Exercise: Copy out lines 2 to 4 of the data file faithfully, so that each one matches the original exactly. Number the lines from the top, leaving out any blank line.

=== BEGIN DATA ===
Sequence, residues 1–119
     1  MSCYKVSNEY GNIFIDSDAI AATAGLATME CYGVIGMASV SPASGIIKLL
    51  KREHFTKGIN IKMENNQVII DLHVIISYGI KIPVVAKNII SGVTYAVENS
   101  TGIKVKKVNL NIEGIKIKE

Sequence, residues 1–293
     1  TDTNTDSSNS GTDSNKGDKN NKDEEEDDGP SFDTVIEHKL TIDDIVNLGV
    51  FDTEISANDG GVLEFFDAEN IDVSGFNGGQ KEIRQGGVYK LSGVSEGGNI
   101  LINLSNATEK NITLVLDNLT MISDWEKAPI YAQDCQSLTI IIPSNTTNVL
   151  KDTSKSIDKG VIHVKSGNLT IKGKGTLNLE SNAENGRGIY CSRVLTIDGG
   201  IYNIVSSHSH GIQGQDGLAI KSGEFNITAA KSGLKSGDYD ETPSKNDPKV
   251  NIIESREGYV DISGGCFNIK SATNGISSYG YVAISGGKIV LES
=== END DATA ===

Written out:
     1  MSCYKVSNEY GNIFIDSDAI AATAGLATME CYGVIGMASV SPASGIIKLL
    51  KREHFTKGIN IKMENNQVII DLHVIISYGI KIPVVAKNII SGVTYAVENS
   101  TGIKVKKVNL NIEGIKIKE